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“Of course, there is still real danger – in the Dug’s articles, the complex evasions of responsibility between Westminster and Holyrood are reduced, preposterously, to a story so moralistic that the goodies and baddies are as simple to identify as Hutus and Tutsis. The Dug’s articles are always as one-sided as a Hutu radio broadcast, although I suspect he would insist that his own one-sidedness has a qualitative difference. I am not so sure – I can picture a gradual lapse into ethnic nationalism.”

Tychy article on 21 October about the Wee Ginger Dug website.

“The reason that Gaelic is a national language pertaining to all of Scotland rests upon two main claims. Firstly there’s the claim that the language was present across virtually all of the territory of modern Scotland. It was once far more widespread territorially than Scots has ever been. But more importantly even than that is the role that the Gaelic language played in the creation of the Scottish nation. The mediaeval Latin word Scotti referred to speakers of Gaelic, and after the Wars of Independence and during the High Middle Ages when the various linguistic and social groups present in the Kingdom of Scotland adopted a Scottish identity, they were making the social statement that they shared a national identity with Gaelic speakers. It is no coincidence that the national myths of Scottish origins, the stories of Dalriada and Fergus Mor MacEarca, the stories of Kenneth Macalpine and his violent dinner party, are all Gaelic stories.”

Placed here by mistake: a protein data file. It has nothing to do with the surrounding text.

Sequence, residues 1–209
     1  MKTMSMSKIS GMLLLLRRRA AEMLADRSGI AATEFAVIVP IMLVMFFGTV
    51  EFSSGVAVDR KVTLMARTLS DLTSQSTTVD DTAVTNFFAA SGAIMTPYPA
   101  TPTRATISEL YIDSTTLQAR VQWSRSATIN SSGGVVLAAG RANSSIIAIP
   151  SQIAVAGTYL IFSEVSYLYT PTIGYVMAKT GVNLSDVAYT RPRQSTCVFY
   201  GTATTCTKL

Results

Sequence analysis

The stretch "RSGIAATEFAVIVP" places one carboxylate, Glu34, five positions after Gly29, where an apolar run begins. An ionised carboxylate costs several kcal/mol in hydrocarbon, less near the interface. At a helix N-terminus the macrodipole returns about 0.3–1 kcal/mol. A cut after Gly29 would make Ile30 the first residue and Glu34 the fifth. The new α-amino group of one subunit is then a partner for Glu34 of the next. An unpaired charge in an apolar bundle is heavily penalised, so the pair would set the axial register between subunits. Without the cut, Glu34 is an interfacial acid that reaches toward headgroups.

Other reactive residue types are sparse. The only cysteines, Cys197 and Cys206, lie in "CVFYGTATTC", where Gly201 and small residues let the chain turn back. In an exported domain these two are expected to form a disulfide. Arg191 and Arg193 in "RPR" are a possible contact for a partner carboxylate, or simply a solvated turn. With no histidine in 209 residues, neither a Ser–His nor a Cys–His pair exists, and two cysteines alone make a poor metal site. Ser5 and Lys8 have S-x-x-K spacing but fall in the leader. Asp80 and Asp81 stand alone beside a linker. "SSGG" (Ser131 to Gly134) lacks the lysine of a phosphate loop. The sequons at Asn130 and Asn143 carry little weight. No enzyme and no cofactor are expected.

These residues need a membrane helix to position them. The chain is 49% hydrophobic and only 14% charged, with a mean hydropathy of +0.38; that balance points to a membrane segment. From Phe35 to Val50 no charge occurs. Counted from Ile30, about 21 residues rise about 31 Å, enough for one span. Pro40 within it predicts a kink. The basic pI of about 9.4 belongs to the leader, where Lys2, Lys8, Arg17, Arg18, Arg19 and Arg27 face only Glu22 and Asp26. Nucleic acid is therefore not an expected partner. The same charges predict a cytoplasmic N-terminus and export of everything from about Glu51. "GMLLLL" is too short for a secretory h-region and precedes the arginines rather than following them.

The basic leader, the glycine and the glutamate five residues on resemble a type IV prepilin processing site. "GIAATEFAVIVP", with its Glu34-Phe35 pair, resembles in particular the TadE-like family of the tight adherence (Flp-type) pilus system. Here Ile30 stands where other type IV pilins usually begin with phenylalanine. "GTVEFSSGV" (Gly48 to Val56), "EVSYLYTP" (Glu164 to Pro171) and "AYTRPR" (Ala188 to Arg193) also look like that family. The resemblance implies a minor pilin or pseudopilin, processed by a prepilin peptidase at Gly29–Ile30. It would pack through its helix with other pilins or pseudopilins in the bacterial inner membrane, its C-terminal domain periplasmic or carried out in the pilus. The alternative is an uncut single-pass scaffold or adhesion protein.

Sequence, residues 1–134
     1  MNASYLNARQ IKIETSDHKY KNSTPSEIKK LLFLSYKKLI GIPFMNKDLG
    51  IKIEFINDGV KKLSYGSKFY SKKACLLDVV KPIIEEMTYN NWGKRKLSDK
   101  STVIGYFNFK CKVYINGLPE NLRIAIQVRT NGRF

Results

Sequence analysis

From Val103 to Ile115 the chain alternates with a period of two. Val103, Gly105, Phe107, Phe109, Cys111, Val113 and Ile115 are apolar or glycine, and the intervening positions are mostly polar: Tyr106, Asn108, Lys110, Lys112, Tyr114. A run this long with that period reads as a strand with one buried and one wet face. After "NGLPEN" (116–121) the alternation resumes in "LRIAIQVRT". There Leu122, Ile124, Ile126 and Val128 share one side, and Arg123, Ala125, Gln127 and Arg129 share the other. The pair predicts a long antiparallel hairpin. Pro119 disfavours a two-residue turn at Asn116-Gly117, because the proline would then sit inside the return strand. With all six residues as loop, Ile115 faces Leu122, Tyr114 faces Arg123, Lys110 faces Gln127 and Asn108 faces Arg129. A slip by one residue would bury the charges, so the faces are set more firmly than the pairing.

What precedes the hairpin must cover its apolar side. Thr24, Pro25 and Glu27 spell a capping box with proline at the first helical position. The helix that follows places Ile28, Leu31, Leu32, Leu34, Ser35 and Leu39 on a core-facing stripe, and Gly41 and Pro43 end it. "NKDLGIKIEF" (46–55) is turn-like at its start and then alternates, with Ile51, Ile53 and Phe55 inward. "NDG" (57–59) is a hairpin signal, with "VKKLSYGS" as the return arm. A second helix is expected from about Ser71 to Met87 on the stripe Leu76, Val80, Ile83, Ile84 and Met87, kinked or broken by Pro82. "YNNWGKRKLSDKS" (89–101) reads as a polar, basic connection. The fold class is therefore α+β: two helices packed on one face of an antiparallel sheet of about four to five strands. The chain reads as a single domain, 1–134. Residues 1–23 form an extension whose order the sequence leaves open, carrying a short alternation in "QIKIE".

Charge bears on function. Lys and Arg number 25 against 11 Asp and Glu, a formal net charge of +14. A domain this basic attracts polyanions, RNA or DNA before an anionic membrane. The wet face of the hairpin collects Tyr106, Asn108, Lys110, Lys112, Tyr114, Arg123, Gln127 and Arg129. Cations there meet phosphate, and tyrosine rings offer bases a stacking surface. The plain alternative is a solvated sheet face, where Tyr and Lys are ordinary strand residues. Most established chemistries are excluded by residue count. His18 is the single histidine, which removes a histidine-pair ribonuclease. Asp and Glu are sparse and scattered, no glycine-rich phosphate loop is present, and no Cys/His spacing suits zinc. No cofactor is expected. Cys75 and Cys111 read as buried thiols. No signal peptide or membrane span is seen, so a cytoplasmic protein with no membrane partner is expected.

Article on the Wee Ginger Dug website, a mere four days later, which argues that the pre-modern tongue of Scottish Gaelic should be credited as a national language “for the whole of Scotland.” This is, the Dug states, not because it is a beautiful language, or because it is worthwhile studying Gaelic literature. Instead, he implies, Gaelic ultimately has political use because it wasn’t spoken south of Cumbria, by the other tribe. It henceforth provides an essentialism or a sense of belonging which will prop up a breakaway nation, so that independence will reconnect us all with blood and soil.

Next week on the Wee Ginger Dug: “How Tory cuts and an innate English predisposition to Brexit should not sully our ancient tribal purity”; “Why the claymore is more authentic than the machete”; and “Why Bill Clinton should keep out of Scottish politics.”

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